If Your Local Elites Have Gone Completely Bonkers, You May Have Bikelash
With a cry of “Code Red Bikelash! Code Red Bikelash!”, “doctors” Aaron Naparstek (founding editor of Streetsblog) and Doug Gordon (blogger at BrooklynSpoke) dashed into the most fun panel the National Bike Summit has probably ever seen.
In their presentation, “Moving Beyond the Bikelash” — a play on the overall Summit theme of “Moving Beyond Gridlock” — the duo outlined symptoms and treatment for a bad case of bikelash, such as the one that plagued New York in 2010 and 2011 after the Prospect Park West bike lane was implemented.
In that case, bikelashers started with a Facebook page, then retained pro-bono legal representation, then started holding protests (with every hand-lettered sign in suspiciously similar handwriting), and finally sued to stop the lane.
The whole time they were saying they like bikes (always followed with a predictable “but…”), that they too used to ride (in their carefree and foolish youth), and that they were just concerned for cyclists’ safety (and where they were going to park their cars). (See a brilliant parsing of the anti-bike argument in this New York Times blog post by Adam Sternbergh.)
And then some of them, like Bikelash Propagandist-in-Chief Marcia Kramer, a CBS2 reporter, were just plain loony-tunes, fear-mongering about ludicrous things like a terrorist potentially riding on the Second Avenue bike lane in front of the Israeli consulate. “I wanted to do a suicide bombing at the Israeli consulate, but now I can’t because it’s too dangerous!” joked Naparstek.
And then there was the priceless Dorothy Rabinowitz rant about the all-powerful bicycle lobby and totalitarian Mayor Mike Bloomberg “begriming” New York City with blue Citi Bikes. (But you can’t blame her, she represents “the majority of the people.”)
Unsuspecting citizens would find themselves inserted into reporters’ anti-bike narratives. When the New York Post used a photo of an older woman walking her dog to symbolize the scourge of Citi Bike — minorly inconvenienced as she was by having to walk around a brand-new bike-share dock — “your opponent is not that woman,” Gordon asserted.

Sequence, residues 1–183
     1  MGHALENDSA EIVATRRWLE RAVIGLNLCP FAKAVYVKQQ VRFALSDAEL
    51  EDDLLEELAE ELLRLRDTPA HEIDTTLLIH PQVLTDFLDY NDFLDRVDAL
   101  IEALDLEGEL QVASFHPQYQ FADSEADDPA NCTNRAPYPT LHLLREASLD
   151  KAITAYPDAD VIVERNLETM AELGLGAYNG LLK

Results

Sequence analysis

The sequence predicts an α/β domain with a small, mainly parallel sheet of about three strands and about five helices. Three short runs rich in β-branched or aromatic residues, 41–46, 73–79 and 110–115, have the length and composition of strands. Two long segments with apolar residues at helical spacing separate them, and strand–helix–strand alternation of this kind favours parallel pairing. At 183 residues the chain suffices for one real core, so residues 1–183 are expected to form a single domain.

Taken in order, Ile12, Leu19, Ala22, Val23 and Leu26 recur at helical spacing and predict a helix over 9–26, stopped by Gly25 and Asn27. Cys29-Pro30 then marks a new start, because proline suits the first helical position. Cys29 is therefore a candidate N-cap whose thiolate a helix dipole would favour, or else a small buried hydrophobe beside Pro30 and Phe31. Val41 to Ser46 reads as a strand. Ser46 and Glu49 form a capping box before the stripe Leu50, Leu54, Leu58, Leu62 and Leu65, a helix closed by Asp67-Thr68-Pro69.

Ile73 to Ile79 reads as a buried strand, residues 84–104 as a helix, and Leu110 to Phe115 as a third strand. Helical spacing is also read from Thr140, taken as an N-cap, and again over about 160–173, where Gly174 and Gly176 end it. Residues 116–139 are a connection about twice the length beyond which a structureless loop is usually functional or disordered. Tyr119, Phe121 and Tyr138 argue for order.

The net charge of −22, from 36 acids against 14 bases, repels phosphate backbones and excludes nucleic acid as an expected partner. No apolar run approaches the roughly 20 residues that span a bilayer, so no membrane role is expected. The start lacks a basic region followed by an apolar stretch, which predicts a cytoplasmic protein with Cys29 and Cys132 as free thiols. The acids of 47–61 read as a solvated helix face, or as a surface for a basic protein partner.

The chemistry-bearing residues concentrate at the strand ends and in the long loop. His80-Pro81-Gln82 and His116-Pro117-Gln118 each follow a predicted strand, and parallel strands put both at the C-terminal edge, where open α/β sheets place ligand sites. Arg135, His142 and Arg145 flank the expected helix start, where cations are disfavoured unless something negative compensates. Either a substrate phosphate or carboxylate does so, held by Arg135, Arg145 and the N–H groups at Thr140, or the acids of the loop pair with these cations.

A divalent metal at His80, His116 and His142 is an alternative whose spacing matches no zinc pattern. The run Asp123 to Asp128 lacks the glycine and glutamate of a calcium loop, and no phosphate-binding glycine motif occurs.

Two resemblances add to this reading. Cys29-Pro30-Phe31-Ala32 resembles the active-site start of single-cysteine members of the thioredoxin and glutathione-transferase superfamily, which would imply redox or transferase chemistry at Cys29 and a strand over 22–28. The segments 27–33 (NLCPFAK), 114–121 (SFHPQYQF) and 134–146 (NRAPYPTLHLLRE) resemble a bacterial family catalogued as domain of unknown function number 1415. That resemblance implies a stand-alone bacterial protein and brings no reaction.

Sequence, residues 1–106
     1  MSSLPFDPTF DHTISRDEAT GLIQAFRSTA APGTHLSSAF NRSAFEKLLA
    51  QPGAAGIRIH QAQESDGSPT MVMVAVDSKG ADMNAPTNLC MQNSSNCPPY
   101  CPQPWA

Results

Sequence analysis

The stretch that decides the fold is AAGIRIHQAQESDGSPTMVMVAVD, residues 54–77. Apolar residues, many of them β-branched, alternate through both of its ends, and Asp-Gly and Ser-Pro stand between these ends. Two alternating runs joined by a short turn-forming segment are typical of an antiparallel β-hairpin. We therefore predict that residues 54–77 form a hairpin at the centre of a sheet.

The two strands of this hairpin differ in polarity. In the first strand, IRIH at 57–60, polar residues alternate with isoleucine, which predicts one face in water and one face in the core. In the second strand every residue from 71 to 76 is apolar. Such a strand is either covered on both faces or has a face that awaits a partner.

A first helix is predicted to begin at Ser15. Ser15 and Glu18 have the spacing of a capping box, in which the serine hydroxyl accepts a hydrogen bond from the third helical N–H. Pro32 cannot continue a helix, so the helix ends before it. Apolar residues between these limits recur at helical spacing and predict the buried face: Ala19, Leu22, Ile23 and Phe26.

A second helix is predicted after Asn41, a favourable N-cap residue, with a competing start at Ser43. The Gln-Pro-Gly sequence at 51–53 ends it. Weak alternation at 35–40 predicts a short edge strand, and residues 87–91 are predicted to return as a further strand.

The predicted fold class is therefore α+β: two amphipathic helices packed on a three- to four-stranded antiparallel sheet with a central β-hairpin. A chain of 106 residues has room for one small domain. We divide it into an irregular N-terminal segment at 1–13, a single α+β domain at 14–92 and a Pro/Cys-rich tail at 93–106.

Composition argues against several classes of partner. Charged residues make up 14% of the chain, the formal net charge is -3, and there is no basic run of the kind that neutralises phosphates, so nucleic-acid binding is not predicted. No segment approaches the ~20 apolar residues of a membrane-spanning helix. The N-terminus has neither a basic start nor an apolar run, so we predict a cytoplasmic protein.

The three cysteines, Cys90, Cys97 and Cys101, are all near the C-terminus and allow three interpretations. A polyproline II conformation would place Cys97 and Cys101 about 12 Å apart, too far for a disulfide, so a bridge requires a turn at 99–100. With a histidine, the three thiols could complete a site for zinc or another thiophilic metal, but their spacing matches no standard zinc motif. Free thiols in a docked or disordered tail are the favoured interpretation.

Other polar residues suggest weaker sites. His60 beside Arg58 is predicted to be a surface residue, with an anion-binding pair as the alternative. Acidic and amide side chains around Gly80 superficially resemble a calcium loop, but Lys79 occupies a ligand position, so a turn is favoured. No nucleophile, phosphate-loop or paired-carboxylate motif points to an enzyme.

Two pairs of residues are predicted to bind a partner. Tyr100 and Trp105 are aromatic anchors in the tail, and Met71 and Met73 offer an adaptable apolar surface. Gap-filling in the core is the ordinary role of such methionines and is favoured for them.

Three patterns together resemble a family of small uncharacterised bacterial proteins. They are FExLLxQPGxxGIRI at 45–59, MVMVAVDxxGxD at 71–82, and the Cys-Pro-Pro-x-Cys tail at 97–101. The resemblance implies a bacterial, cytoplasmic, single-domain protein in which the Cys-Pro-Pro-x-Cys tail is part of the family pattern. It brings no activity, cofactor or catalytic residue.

“She has a legitimate concern,” he said. “She’s never seen something like this. She doesn’t know what it is. To trash her on the internet or anything like that is just mean. It doesn’t help. Your opponent, so to speak, is the media that’s pushing these stories forward.”
That started the “treatment” portion of Gordon and Naparstek’s discussion of the bikelash epidemic. Though you may think yelling back would cure what ails you, shouting is actually contraindicated. Gordon, a comedian himself, said he’s inspired by improv, which requires actors to keep it together in the face of increasingly ridiculous situations.
Taking the high road is probably a good prescription for any protest movement. Be the face of reason while your opponents are screeching and tearing their hair out. Bike advocates especially need to show they’re just ordinary people who want to get where they’re going safely.
When it came to Prospect Park West, the way the bike community responded was not to get in the protesters’ faces — it was to hold a short “We Ride the Lanes” ride with kids.
At the systemic level, the best treatment for a bikelash is to have a strong and healthy local bike advocacy organization and to get lots of people out to community meetings. And “you have to have your own media,” said Naparstek.
“If you don’t have a Streetsblog in your city you should get the equivalent of a Streetsblog,” Gordon added.
You can check against the indicators to see if your city has bikelash — and what to do about it — by catching the Powerpoint Cliffs Notes of their presentation.